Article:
MARLTON, New Jersey (WPVI) -- This is a warning for anyone dabbling or investing in cryptocurrency.
A South Jersey man turned to the Troubleshooters after hackers took tens of thousands of his money.
Vibhor Jain of Marlton, Burlington County, says he feels physically sick every time he thinks about his depleted cryptocurrency account.
"This is just ridiculous that this happened," he said.
Jain had been growing his Coinbase account for five years. His investment over that time were between $28,000 and $30,000.
Then last year, he received a suspicious message.
"I got some notification on my phone that said my Coinbase password is changed, and I was not able to log into my Coinbase account," he said.
Jain says within minutes, hackers used 400 transactions to drain his account.
He said an estimated $34,500 was gone.
Jain believes Coinbase should have red-flagged the transactions.
"This is a financial institution Coinbase should have been able to check that pattern and immediately stop those transactions," he said.
As an I.T. engineer, Jain thought he did everything necessary to secure his accounts.
But Jain later learned his personal information had been compromised in two separate data breaches involving Coinbase and his cell phone carrier.
He says he didn't get notification of either one.
"They should have made sure that all the accounts should change their passwords. Enforce that," Jain said.
Chris Pierson, founder and CEO of cybersecurity firm BlackCloak said creating a long, complex password is critical.
Ideally it should be a sentence or phrase only you can guess.
"Making sure that password for your crypto account is not one that is used on any other account is going to be a vital importance," said Pierson.
If it's difficult to remember, Pierson suggests to use an encrypted password vault.
Also make sure you have an extra layer of authentication to get into your account.
"Duel factor authentication is going to be either an SMS code that's texted to your phone, or you have some type of authenticator," he said. "Could be an actual token that you insert into the computer to do the transaction or an actual authenticator app."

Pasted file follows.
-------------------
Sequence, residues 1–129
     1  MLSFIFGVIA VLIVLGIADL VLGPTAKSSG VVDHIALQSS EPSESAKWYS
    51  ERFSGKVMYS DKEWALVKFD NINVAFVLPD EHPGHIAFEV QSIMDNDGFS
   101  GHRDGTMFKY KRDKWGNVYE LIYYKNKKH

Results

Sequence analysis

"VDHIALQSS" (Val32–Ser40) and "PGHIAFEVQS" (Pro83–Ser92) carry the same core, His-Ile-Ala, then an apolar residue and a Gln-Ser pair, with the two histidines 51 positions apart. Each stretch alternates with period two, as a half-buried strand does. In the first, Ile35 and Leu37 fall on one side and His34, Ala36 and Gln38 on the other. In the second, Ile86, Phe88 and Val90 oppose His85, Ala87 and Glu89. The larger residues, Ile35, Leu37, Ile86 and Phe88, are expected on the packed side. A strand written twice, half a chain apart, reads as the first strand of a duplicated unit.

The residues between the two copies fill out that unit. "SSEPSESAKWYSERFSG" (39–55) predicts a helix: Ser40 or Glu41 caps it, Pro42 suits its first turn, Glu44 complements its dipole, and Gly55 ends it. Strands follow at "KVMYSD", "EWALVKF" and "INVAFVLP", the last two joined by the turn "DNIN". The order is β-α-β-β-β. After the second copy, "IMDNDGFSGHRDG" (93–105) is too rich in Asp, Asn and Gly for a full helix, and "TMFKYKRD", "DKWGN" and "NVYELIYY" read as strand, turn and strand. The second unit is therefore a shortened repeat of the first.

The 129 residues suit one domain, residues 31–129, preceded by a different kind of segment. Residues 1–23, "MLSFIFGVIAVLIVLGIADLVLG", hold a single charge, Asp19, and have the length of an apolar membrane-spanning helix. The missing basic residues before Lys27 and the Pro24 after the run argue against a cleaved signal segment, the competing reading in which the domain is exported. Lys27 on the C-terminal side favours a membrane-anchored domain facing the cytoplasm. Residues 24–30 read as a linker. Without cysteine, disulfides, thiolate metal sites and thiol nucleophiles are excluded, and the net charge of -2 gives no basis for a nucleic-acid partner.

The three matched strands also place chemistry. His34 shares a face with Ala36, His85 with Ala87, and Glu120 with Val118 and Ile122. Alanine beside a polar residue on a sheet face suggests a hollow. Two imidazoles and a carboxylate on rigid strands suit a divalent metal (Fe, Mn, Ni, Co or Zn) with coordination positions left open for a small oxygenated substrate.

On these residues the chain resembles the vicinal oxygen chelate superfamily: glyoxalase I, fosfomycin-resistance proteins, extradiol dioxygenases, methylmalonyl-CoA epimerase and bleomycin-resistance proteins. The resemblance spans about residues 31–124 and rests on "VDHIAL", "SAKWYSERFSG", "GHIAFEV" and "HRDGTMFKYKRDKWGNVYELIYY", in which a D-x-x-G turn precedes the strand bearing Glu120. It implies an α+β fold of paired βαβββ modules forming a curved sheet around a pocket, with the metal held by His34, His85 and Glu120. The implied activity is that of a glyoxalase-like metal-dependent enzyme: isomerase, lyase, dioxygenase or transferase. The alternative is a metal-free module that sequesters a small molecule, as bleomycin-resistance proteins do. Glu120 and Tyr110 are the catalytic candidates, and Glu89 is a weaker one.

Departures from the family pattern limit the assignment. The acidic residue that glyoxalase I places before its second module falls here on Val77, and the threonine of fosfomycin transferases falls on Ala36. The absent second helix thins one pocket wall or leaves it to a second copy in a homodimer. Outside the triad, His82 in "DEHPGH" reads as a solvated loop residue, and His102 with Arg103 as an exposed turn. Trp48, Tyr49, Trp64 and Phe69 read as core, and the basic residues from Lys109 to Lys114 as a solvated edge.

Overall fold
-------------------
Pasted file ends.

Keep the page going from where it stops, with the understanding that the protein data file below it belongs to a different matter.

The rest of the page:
And never accept any unsolicited offers you receive via text, email or phone call to get involved in cryptocurrency.
Experts say if you already have a crypto account, do not accept any incoming requests asking for you to provide information.
The Troubleshooters did reach out to Coinbase on Jain's behalf, and Jain said while he can't divulge the details, he is pleased with the outcome after the Troubleshooters got involved.
Coinbase told the Troubleshooters they can't speak about Jain's case specifically due to confidentiality.
However, they did issue a statement on security and customer care in general.
"Coinbase takes extensive security measures to ensure our customer accounts remain as safe as possible. In addition to educating our customers on best practices for securing their Coinbase accounts, Coinbase has a dedicated fraud investigations team and policy to ensure specialized support for our customers. We also began rolling out phone support specifically for ATOs in August of 2021, and delivered global phone support for all customers, and live messaging late last year.
When issues occur, we work directly with customers to resolve them. We are not able to share details about Mr. Jain's account due to customer confidentiality. In most cases, Coinbase does not cover any losses resulting from unauthorized access to Coinbase accounts due to a compromise of a customer's login credentials, which is often the cause of account takeovers.
We acknowledge that these are terrible crimes that can have a significant impact on consumers. With more and more of our personal information available online, it is increasingly important for consumers to understand how to protect their personal email accounts and cell phones from unauthorized third parties. Once a third party gains access to a consumer's email or phone, that consumer's other online accounts may also be at risk. That is why Coinbase regularly works to educate our customers about how to protect their personal email accounts and phones -- it is the most important thing they can do to prevent unauthorized access to all of their online accounts, not just Coinbase.
We encourage all our customers to take important steps to securing their online accounts. You can see an overview below and the full details in our Help Center.
Use a strong unique password for each of your online accounts
Do not store API key data in a public space or forum
Ensure all financial accounts and email have 2FA (two-factor authentication) enabled, preferably using a TOTP code generator (Time Based One-Time Passcode)
Regularly sign out of your Coinbase account
Ensure your mobile device carrier has additional security features enabled for your cellular account."